A global spatially contiguous solar-induced fluorescence (CSIF) dataset using...

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Zhang, Y., J. Joiner, S. H. Alemohammad, S. Zhou, and P. Gentine (2018), A global spatially contiguous solar-induced fluorescence (CSIF) dataset using neural networks, Biogeosciences, 15, 5779-5800, doi:10.5194/bg-15-5779-2018.
Abstract: 

Satellite-retrieved solar-induced chlorophyll fluorescence (SIF) has shown great potential to monitor the photosynthetic activity of terrestrial ecosystems. However, several issues, including low spatial and temporal resolution of the gridded datasets and high uncertainty of the individual retrievals, limit the applications of SIF. In addition, inconsistency in measurement footprints also hinders the direct comparison between gross primary production (GPP) from eddy covariance (EC) flux towers and satellite-retrieved SIF. In this study, by training a neural network (NN) with surface reflectance from the MODerate-resolution Imaging Spectroradiometer (MODIS) and SIF from Orbiting Carbon Observatory-2 (OCO-2), we generated two global spatially contiguous SIF (CSIF) datasets at moderate spatiotemporal (0.05◦ 4-day) resolutions during the MODIS era, one for clear-sky conditions (2000–2017) and the other one in all-sky conditions (2000–2016). The clear-sky instantaneous CSIF (CSIFclear-inst ) shows high accuracy against the clearsky OCO-2 SIF and little bias across biome types. The allsky daily average CSIF (CSIFall-daily ) dataset exhibits strong spatial, seasonal and interannual dynamics that are consistent with daily SIF from OCO-2 and the Global Ozone Monitoring Experiment-2 (GOME-2). An increasing trend (0.39 %) of annual average CSIFall-daily is also found, confirming the greening of Earth in most regions. Since the difference between satellite-observed SIF and CSIF is mostly caused by the environmental down-regulation on SIFyield , the ratio between OCO-2 SIF and CSIFclear-inst can be an effective indicator of drought stress that is more sensitive than the normalized difference vegetation index and enhanced vegetation index. By comparing CSIFall-daily with GPP estimates from 40 EC flux towers across the globe, we find a large crosssite variation (c.v. = 0.36) of the GPP–SIF relationship with the highest regression slopes for evergreen needleleaf forest. However, the cross-biome variation is relatively limited (c.v. = 0.15). These two contiguous SIF datasets and the derived GPP–SIF relationship enable a better understanding of the spatial and temporal variations of the GPP across biomes and climate.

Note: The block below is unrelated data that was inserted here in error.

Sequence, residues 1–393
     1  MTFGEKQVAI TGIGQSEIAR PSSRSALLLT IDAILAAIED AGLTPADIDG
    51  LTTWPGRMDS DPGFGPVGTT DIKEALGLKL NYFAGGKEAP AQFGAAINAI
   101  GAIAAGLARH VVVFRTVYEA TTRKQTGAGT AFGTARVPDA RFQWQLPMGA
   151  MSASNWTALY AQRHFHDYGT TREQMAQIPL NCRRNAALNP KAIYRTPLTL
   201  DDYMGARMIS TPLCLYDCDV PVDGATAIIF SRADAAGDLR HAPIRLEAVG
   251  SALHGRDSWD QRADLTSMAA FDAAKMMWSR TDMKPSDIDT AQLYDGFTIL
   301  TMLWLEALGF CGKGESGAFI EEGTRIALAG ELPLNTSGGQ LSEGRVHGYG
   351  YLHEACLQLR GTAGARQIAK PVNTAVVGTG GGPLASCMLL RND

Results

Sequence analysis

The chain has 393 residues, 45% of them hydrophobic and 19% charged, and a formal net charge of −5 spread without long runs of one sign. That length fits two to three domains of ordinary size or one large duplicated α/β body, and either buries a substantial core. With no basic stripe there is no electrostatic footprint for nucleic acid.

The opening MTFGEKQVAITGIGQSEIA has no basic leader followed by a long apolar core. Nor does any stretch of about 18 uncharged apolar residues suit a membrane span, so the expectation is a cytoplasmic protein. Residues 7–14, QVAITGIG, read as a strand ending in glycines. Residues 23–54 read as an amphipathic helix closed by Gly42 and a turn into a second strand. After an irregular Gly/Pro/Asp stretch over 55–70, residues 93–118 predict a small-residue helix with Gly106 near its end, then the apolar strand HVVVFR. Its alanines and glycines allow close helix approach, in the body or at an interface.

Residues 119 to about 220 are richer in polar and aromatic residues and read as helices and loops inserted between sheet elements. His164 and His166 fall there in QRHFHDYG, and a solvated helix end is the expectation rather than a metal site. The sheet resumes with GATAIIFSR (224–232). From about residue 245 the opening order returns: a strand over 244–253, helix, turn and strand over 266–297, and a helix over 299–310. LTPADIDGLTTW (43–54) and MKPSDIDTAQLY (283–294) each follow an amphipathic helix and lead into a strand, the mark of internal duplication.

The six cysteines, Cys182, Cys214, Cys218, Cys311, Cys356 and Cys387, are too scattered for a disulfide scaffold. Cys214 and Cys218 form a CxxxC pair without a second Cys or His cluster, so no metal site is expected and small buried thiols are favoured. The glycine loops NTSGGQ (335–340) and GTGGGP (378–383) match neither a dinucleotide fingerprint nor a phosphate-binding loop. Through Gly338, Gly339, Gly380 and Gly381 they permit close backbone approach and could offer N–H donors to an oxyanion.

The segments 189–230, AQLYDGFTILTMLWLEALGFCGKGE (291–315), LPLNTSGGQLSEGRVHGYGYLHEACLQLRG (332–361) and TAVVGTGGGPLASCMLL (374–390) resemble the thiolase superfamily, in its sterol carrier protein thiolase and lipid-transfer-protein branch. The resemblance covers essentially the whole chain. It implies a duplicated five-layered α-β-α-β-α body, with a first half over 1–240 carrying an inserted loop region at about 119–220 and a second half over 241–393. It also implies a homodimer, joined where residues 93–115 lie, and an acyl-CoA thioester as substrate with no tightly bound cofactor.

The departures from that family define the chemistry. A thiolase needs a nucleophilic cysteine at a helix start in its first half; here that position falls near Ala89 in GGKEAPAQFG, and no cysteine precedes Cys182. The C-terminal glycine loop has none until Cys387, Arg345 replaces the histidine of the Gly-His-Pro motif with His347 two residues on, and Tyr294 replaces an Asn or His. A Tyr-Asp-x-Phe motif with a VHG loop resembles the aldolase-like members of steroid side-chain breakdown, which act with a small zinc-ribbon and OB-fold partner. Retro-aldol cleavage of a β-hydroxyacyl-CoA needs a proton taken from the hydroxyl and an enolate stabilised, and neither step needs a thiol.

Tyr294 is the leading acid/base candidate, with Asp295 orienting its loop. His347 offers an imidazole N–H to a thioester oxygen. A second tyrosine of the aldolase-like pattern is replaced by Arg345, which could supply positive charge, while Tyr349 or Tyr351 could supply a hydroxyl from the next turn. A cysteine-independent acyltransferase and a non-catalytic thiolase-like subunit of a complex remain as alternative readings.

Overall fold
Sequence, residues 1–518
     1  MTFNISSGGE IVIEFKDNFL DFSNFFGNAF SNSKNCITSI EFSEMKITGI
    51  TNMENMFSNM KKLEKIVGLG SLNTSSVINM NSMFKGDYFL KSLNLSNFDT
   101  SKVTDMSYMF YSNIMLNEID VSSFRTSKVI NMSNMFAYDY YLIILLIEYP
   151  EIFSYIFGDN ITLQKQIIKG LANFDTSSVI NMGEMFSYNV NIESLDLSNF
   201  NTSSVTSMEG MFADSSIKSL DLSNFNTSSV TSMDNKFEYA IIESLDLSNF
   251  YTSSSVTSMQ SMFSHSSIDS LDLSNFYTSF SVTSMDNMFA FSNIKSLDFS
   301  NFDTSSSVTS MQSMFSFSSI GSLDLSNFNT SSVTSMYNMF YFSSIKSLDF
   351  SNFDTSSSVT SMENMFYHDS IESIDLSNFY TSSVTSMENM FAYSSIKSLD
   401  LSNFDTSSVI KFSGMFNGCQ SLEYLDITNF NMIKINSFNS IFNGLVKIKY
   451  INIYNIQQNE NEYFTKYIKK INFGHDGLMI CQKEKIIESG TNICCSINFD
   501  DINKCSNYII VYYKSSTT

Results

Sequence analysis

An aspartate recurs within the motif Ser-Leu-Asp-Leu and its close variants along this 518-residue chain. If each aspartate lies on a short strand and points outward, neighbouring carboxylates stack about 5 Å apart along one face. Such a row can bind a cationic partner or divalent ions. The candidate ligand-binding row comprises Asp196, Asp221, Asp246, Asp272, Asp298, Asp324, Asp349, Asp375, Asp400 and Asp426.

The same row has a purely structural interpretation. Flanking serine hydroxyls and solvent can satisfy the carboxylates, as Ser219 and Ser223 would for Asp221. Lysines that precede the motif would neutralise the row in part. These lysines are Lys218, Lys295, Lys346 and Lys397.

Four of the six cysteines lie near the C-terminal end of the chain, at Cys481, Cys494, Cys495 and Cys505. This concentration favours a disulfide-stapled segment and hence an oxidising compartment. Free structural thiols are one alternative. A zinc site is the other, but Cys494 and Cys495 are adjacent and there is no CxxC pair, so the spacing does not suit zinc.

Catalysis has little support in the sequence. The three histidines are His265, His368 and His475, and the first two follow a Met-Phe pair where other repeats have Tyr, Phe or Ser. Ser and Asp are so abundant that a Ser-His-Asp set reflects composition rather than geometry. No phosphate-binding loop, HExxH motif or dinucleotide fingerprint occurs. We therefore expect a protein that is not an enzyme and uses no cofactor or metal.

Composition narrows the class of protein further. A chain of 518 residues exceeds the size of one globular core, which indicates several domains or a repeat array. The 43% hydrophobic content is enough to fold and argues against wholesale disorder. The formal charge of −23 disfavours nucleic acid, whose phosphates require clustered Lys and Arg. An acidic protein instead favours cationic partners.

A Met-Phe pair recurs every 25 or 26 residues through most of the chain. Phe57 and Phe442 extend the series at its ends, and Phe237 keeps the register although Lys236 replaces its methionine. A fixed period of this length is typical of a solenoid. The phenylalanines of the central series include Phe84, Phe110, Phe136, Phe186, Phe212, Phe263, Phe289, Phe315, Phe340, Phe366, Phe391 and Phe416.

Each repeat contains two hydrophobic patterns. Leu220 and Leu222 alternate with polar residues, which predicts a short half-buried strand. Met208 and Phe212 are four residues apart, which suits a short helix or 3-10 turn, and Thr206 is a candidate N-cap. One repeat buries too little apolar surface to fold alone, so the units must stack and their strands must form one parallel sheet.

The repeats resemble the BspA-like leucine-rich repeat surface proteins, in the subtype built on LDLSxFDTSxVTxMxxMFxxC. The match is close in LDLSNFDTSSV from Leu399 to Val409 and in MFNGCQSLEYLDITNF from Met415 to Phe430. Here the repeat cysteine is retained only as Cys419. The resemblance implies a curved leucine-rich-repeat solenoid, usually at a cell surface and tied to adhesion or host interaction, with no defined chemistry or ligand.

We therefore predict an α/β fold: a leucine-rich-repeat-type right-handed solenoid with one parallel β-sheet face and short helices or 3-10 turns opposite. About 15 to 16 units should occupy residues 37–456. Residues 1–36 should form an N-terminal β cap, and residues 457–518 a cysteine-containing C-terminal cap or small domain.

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Research Program: 
Carbon Cycle & Ecosystems Program (CCEP)